A B-52 Stratofortress from the 40th Air Expeditionary Group
dropped three joint-direct attack munitions recently on a cave of
anti-coalition forces in Afghanistan, killing two and leading to
the capture of 10 others by coalition ground forces.
The mission was one of 22 close-air support and armed
reconnaissance sorties flown that day by coalition aircraft.
Supporting Operation Enduring Freedom, the B-52 was providing
close-air support in the Oruzgan Province. Coalition troops came
under small arms fire, and the B-52 responded, officials said.
“It felt really good when we heard that the bomb hit the
cave dead on and closed all three entrances,” said the
mission lead about the sortie that dropped the munitions.
He also said it took every bit of experience and training on the
part of the crew.
“We were swapping information with a combined team of
maintenance, weapons and operations experts at this
forward-operating location,” the lieutenant colonel said.
“We were also talking with Army and Air Force ground troops
who were giving us targeting information. Thanks to the efforts of
a team spread across 3,000 miles, we put bombs on
For one young Airman
deployed from Minot Air Force Base, N.D., it was his first
experience of seeing a bomber return after dropping live munitions,
and one he said he will never forget. He has been in the Air Force
“I didn’t actually believe it until I saw it,”
said Airman 1st Class Marcus Thames, a weapons loader on his first
deployment with the 40th Expeditionary Maintenance Squadron at a
forward-deployed location. “When you see that plane with
empty (weapons) racks, you know you completed your mission.
“My supervisor always said it’s a great feeling, and
it was for me,” he said. “I felt that we actually
helped our boys in Afghanistan.”
Master Sgt. James Klimpel, the weapons section superintendent,
said the job at home station is all about training. The most
intensive training takes place once a month in the load barn for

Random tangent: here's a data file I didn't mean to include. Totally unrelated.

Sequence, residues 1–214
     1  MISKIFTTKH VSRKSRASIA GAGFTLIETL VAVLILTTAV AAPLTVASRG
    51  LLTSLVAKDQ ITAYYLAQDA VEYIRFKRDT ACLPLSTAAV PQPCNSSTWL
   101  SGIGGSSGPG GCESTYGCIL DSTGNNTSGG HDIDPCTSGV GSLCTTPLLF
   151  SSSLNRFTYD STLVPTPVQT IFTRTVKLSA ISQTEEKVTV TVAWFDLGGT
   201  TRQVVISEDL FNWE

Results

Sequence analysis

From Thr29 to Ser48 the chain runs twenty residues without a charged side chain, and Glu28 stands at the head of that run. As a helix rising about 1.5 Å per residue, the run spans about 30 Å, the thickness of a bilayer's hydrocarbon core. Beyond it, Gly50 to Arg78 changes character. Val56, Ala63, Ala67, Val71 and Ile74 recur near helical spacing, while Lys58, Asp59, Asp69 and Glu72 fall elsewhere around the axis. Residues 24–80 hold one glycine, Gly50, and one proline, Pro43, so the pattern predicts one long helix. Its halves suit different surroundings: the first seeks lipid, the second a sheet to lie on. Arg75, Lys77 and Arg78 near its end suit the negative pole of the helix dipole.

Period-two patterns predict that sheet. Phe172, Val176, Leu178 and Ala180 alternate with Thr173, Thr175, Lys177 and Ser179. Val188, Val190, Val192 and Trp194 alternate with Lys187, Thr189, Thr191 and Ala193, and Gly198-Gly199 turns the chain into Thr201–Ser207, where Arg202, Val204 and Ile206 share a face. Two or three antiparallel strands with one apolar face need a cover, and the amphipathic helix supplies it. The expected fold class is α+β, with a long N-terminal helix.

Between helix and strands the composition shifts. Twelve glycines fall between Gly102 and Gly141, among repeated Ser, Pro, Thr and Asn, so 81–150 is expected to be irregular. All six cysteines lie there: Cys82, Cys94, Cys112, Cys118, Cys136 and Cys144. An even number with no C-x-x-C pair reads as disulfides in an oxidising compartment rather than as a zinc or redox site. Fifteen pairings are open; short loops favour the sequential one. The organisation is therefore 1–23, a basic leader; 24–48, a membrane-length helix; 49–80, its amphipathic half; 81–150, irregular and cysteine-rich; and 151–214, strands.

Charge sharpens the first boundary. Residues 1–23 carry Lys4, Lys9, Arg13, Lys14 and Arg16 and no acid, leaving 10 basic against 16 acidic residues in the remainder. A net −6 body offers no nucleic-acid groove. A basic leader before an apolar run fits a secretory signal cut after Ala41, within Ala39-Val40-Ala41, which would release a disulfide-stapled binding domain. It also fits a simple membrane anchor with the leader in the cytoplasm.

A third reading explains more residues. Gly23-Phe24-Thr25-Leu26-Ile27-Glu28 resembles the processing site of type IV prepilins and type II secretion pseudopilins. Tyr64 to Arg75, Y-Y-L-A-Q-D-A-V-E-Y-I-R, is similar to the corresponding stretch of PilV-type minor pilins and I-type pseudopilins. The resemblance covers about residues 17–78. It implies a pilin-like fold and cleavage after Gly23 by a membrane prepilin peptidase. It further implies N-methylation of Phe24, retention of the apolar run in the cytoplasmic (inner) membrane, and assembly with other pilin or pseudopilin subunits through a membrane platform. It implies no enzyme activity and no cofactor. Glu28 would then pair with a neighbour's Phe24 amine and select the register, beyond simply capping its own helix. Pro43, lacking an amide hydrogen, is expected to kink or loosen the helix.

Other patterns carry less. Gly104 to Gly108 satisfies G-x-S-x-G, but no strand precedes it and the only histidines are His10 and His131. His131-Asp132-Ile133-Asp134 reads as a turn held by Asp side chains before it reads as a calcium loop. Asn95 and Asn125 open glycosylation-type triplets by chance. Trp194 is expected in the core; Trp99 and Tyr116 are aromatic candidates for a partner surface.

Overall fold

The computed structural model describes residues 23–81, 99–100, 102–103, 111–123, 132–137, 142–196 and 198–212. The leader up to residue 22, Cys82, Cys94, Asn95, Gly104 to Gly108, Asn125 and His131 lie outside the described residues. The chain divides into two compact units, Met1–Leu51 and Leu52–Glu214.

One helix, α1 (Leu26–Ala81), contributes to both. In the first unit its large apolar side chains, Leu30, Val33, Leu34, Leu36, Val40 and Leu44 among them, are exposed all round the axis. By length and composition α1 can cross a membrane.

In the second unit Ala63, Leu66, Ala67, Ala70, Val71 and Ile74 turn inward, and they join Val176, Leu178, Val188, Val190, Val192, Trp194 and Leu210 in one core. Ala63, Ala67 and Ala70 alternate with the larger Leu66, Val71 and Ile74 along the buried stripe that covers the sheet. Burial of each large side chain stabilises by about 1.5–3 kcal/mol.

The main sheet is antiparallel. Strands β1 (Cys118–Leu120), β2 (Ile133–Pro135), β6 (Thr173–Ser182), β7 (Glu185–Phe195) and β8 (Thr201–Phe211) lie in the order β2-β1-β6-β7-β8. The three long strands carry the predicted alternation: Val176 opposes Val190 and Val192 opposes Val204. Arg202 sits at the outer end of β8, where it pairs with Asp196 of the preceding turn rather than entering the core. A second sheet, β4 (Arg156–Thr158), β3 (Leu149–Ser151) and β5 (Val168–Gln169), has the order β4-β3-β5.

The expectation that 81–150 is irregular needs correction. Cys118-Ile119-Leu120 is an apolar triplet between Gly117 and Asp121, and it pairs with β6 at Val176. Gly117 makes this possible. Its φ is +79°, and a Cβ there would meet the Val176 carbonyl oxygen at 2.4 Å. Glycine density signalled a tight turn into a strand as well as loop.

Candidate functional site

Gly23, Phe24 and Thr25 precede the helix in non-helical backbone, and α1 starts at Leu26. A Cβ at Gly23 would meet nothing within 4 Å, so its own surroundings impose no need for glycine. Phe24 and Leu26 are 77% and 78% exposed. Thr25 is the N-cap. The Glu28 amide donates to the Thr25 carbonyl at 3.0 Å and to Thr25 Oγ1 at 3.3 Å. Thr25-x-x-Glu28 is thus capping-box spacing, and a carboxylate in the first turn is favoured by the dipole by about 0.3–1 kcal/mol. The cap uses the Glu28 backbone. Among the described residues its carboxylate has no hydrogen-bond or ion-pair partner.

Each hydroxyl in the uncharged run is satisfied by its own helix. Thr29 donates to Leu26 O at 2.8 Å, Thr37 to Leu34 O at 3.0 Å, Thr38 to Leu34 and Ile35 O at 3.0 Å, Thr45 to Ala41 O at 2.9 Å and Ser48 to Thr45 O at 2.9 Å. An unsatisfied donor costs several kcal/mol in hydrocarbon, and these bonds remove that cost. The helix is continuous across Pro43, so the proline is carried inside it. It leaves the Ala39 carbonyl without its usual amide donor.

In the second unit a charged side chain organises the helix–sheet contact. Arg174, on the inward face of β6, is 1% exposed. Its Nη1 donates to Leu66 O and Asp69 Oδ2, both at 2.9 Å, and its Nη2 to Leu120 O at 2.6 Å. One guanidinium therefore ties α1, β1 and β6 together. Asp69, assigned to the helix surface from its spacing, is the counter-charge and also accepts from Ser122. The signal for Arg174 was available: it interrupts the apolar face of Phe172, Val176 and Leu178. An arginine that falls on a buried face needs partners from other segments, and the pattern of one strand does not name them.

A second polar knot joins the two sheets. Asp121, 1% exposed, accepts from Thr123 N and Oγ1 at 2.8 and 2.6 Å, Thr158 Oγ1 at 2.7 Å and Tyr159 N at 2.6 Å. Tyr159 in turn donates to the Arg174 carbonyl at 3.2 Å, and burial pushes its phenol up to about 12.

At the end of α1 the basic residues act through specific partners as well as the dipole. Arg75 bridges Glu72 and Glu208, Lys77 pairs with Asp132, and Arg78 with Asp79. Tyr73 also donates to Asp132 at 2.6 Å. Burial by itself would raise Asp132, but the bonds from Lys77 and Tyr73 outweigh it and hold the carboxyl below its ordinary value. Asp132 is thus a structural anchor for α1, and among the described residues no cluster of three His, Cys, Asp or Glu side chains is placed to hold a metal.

every load crew at home station. They load each munition that they
are certified on under the watchful eye of weapons standardization
“It’s all timed,” said Sergeant Klimpel, also
from Minot. “If they don’t do it within the allotted
time, they fail.”
Airman Thames said all that training certainly pays off when it
“This is my first time for everything, particularly
actually loading live weapons,” he said. “I did all
that training at Minot, but this is the real deal.”
Besides the mission that took out the cave, a second B-52 and
several Air Force A-10 Thunderbolt IIs provided close-air support
to coalition troops the same day in the vicinities of Bagram and
Kandahar without using weapons.
The mission lead on the cave sortie said he feels strongly that
the mission here is more than dropping bombs, it is to support the
warfighter in ways never imagined.
“Sometimes the desired effect involves lethal kinetic
firepower -- bombs on target,” he said. “Other times,
the desired effect may simply be to deter enemy action by making it
clear there’s a fully loaded B-52 ready, willing and able to
deliver weapons in a matter of minutes.”
While it may be easier to measure the immediate, tangible
effects of a bomb on a target than to measure how many mortar
rounds were not fired at coalition ground forces because a B-52 was
flying overhead, chance encounters with guys on the ground paint
the picture all too well.
“A bomber pilot recently struck up a conversation with a
young Army Special Forces Soldier while waiting for airlift,”
the lieutenant colonel said. “When the Soldier learned his
companion was a bomber pilot who had flown over him in country, his
eyes welled up as he shook the pilot’s hand, saying,
‘You may not know it or understand, but when you are
overhead, the bad guys don’t shoot at me and my
That, too, is mission accomplished. [ANN Salutes Master Sgt.
Rich Romero, 40th Air Expeditionary Group Public Affairs]